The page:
From the Archives
Marooned on the Barrens
BY ANDREW VOWLES
“A chapter of unlucky incidents including snowstorm and no safe landing forced us north of our course . . .” So wrote the leader of the ill-fated MacAlpine Expedition in a telegram from the high Arctic, announcing to a waiting world the safe return of his eight-man party in late 1929. After one of the largest aerial searches in Canadian history to that point — involving a fleet of planes scouring about 30,000 square miles of barren lands for almost two months — the marooned crew of two bush planes walked across an ocean strait to safety, suffering nothing worse than bad frostbite and hunger.
It was a group of Inuit camped at the planes' landing spot on the shore of the Arctic Ocean that probably saved the party from a worse fate. So wrote a number of authors in material collected in a file about the expedition in the U of G Library archives. The MacAlpine Expedition is part of a larger file box of archival materials that belonged to the late radio broadcaster Allan Anderson, who had planned to write a book about the adventure.
By the late 1920s, bush pilots were venturing into the Northwest Territories on surveying flights for lumber and mining companies. Dominion Explorers was a company headed by Col. C.D.H. MacAlpine whose pilots criss-crossed the northern frontier in their Fokkers and Fairchilds in what might be considered a 20th-century version of the earlier canoe voyageurs.
MacAlpine was among eight men who took off from Baker Lake in early September 1929, bound for Bathurst Inlet. Wrote MacAlpine's grandson in a biographical sketch in 1976: “The start was uneventful enough, but this journey was to turn into one of the truly heroic episodes in the opening of Canada's North.”
The trip had already been delayed by bad weather and bad luck, including the sinking of one of two planes at Churchill on Hudson Bay. The replacement craft arrived Sept. 6, and they flew to Baker Lake a day later. On Sept. 9, both planes headed north. Poor visibility and strong winds pushed the aircraft eastward, and they had to land at an Inuit hunting camp on the Arctic Ocean.
More bad weather and plane trouble were capped by what Anderson's notes call a “chilling discovery”: the planes had too little fuel left to get to the Dominion Explorers base at Bathurst. Instead, the men would have to wait for freeze-up before they could cross the strait northward to Cambridge Bay, located on Victoria Island.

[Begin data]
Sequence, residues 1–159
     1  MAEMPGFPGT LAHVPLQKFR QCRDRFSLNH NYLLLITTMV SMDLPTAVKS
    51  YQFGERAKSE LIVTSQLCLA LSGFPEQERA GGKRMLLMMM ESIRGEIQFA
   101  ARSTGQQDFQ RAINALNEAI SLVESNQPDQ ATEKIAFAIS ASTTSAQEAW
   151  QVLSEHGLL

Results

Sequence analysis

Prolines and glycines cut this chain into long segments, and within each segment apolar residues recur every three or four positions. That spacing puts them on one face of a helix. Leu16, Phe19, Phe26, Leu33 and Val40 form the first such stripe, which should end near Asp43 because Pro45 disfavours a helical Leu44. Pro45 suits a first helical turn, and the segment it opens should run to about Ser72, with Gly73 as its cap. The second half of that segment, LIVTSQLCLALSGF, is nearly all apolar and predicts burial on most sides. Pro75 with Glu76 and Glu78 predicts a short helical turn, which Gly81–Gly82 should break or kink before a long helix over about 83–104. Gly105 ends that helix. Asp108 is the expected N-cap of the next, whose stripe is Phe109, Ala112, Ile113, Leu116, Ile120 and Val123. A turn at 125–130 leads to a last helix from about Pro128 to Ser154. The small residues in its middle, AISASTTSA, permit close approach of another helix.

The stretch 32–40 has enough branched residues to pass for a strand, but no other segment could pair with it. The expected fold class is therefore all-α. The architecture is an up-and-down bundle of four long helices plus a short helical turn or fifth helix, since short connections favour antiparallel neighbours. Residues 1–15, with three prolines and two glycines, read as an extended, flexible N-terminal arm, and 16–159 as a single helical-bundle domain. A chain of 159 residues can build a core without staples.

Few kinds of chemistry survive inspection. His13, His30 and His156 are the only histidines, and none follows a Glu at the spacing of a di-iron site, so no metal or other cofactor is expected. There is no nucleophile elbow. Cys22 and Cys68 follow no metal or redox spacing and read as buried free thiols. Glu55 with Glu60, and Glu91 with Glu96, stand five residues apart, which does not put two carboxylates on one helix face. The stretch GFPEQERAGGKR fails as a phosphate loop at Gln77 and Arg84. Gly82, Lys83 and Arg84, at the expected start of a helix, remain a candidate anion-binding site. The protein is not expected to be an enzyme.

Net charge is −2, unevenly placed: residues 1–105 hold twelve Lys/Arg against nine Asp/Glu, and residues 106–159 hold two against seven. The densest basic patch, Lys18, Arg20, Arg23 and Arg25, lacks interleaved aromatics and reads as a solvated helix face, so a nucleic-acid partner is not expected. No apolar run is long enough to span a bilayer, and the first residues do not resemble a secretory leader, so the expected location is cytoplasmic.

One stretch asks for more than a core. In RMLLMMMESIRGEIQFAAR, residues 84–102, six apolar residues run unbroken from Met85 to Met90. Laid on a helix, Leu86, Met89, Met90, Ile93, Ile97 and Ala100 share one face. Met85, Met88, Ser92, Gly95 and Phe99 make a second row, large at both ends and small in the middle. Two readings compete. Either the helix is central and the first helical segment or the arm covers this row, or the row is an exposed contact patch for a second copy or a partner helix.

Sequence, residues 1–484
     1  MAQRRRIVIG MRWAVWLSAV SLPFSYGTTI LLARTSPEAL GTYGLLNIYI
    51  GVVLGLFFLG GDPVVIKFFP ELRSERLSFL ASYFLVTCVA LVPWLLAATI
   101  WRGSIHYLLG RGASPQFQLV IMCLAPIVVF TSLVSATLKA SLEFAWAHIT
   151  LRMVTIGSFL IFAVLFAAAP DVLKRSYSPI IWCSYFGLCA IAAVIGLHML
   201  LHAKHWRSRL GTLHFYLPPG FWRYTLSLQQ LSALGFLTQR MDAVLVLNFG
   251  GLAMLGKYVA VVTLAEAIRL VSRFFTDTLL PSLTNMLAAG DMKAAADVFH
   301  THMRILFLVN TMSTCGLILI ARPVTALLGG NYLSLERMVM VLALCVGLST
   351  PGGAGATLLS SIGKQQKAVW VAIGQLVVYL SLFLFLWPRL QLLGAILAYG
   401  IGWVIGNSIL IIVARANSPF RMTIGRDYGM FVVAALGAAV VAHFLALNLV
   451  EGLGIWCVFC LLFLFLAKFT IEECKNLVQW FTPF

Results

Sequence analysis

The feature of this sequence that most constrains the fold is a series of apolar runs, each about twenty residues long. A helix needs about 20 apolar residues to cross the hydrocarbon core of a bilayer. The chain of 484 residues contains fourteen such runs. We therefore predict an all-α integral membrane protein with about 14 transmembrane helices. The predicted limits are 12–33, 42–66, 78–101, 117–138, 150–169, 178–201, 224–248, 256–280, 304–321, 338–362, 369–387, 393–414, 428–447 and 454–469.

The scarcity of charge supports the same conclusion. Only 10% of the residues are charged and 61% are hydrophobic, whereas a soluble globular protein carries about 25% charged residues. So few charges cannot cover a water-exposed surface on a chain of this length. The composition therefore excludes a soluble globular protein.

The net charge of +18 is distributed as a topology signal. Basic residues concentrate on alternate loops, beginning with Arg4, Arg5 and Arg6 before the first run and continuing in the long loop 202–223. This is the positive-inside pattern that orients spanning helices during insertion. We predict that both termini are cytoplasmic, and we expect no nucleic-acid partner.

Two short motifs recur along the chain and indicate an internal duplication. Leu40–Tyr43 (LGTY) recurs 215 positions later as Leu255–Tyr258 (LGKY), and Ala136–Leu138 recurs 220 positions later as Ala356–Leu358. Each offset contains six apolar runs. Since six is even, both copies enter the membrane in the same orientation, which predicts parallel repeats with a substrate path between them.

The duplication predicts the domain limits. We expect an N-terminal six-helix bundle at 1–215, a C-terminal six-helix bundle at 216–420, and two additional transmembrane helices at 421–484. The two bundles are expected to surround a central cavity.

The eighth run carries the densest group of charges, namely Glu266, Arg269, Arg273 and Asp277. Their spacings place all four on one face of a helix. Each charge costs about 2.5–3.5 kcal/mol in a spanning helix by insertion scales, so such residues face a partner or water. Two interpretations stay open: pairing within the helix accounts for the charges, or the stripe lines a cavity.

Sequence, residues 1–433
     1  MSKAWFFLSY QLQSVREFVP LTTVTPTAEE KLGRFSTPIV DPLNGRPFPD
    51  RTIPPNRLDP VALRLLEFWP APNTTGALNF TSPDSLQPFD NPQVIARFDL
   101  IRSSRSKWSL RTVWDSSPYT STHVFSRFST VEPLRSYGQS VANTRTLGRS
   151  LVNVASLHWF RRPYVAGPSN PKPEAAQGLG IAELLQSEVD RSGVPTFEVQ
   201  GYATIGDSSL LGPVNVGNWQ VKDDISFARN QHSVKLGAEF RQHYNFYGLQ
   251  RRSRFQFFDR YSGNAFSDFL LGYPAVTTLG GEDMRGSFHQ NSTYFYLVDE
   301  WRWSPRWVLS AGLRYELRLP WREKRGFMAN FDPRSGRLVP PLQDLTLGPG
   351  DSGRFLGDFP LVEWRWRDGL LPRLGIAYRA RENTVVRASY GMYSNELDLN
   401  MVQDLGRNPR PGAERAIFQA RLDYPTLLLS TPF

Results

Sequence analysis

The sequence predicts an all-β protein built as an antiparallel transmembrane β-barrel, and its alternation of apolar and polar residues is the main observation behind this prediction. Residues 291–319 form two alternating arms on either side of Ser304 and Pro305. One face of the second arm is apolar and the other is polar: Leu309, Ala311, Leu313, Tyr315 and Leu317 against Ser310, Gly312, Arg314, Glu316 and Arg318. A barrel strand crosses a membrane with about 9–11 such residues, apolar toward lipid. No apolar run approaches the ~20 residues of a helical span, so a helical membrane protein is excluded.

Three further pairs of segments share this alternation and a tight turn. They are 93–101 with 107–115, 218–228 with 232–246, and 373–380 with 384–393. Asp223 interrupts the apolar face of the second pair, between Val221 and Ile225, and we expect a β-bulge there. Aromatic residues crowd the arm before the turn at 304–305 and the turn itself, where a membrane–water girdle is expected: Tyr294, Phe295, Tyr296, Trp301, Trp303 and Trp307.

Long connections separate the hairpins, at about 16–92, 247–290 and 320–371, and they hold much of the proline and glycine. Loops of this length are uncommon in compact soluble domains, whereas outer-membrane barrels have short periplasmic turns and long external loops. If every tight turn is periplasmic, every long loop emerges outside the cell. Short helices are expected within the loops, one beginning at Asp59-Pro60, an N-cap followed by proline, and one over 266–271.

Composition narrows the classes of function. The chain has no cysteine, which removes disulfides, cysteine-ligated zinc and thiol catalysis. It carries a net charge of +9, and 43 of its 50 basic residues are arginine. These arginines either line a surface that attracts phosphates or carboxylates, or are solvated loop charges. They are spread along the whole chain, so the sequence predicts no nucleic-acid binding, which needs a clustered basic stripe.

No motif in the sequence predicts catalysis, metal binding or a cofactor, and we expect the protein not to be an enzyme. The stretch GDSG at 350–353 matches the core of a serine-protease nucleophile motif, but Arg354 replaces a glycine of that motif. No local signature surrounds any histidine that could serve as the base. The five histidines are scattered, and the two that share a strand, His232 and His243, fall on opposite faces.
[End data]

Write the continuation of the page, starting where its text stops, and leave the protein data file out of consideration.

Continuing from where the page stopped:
They built a hut of stone, mud and moss and resigned themselves to co-operating with the Inuit hunters until they could attempt their walk out.
Between touching down at the Dease Point camp and making that last dash across the frozen Arctic strait, the group spent almost two months living on rations salvaged from the planes and on fish, ptarmigan, ground squirrels and other game. Although never threatened by outright starvation, the group lived for about a month on daily rations of mere ounces until the day their Inuit companions returned to the camp with caribou.
In a brief memoir, one of the pilots, Stan McMillan, wrote: “It has often been said that even among the most enlightened peoples of this earth, the veneer of civilized behaviour is thin. We didn't suffer any conspicuous peeling of this veneer, but incidents did occur where one might say fractures developed.”
Their days were spent hunting and fishing, collecting firewood, maintaining their makeshift quarters and waiting for freeze-up. That experience was recorded in a diary kept by Richard Pearce, editor of The Northern Miner in Toronto, who had gone along for the trip. (In a title reminiscent of Farley Mowat's adventure novel Lost in the Barrens, Pearce's diary was published as a book called Marooned in the Arctic, contained in the U of G Library stacks upstairs.)
When the group failed to show up in Bathurst, a massive aerial search began that lasted for weeks. “The world gobbled up every detail of the search,” wrote MacAlpine's grandson. That effort was called off after the team finally sent word in early November that they had made the 80-mile trek to Victoria Island, including covering the last 25 miles across the frozen strait. They announced their return over the wireless on the Bay Maud, a ship wintering in Cambridge Bay.
A possible tragedy in the North had been averted. It took some time before the group realized that the outside world had been weathering a different kind of disaster during their ordeal. Notes a writer in the archives: “While the group was missing, the stock market crash of 1929 took place, and such investors as were on board the two aircraft who had left a buoyant, albeit nervous, stock market situation encountered glum news indeed on their return to civilization.”